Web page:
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Medicare - A Detailed Guide
The Part D Penalty

Just like with Part B, Part D also has a penalty.  If you don't enroll for prescription drug coverage when you are first eligible, you start to accrue a Part D penalty.  The longer you go without prescription drug coverage, the higher the penalty will be.  The penalty will be triggered when you finally enroll in a Part D plan.  It is added on whether you have a Medicare Advantage plan with prescription drug coverage or a separate Part D plan.

The Part D penalty is 1% of the national average cost of 

drugs ($32.74 in 2023) for every month you have gone without creditable prescription drug coverage.  The penalty will be added to all the other premiums you are paying and it is paid monthly for as long as you have your prescription drug plan.

Let's look at a couple of examples:

  • John didn't take many prescriptions at first, but around his 70th birthday he decides that it's better to be safe than sorry and signs up for prescription drug coverage.  John has went 5 years without coverage. 

 

5 years = 60 months, and $32.74 x 60% = $19.64.  John will pay a penalty of $19.64 every month on top of all the other premiums he pays for other parts of his health plan.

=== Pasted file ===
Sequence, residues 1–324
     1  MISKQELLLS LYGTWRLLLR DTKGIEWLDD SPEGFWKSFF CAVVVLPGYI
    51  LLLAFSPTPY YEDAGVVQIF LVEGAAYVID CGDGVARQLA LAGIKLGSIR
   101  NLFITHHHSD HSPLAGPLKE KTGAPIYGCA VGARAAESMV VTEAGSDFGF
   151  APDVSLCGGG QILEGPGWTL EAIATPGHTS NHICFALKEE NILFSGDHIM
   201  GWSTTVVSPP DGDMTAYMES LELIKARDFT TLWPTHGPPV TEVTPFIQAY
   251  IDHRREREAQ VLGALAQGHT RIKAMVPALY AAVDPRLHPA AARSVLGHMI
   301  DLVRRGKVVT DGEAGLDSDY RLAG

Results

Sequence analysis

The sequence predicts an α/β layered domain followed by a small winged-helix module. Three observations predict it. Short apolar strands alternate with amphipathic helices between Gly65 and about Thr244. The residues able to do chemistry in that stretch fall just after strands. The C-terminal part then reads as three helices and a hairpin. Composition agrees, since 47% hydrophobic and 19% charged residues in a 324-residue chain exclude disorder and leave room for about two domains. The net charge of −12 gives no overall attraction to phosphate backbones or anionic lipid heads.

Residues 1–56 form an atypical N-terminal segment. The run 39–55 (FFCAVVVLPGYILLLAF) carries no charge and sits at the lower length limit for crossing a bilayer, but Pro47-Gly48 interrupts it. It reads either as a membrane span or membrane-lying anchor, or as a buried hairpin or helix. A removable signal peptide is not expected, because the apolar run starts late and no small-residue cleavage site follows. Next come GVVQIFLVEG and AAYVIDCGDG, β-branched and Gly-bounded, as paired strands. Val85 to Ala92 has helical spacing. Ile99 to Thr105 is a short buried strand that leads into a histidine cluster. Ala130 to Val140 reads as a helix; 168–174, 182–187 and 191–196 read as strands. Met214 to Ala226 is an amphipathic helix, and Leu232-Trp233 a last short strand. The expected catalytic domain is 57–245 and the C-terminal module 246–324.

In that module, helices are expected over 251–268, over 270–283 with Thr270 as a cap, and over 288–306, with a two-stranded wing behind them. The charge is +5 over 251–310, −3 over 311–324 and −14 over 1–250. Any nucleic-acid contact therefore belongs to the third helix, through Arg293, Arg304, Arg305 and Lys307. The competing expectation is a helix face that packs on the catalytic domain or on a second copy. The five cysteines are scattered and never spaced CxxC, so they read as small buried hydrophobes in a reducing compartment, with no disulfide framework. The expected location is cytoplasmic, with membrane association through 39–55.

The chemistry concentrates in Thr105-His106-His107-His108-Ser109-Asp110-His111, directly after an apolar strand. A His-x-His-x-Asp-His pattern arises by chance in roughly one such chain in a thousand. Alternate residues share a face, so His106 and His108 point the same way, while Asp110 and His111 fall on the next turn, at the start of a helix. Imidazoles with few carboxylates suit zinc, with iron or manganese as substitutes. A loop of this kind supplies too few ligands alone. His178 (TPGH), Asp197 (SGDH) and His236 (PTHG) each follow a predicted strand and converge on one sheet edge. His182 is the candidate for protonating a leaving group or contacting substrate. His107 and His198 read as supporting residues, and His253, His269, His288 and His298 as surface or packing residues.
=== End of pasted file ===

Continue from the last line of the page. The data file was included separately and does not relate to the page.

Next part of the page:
• Susan was in perfect health on her 65th birthday so she decided she didn't need prescription drug coverage.  When Susan turns 81 her doctor informs her that she is going to need life saving medication so Susan decides she finally needs to enroll in a prescription drug plan.  It has been 16 years since Susan originally enrolled in Medicare. 

 

16 years = 192 months, and $32.74 x 192% = $62.86.  Susan will pay a penalty of $62.86 every month on top of all the other premiums she pays for other parts of her health plan.  

Creditable Coverage

To avoid accruing the Part D penalty, Medicare says that you have to have "creditable" prescription drug coverage.  Creditable means that the coverage you have is equal to or better than the coverage offered by Medicare prescription drug plans.  For example, many people have prescription drug coverage through an employer they are still working for, a retirement plan, or the VA, and because of this, they don't accrue a Part D penalty.

We strongly advise getting prescription drug coverage as soon as you are eligible to do so!

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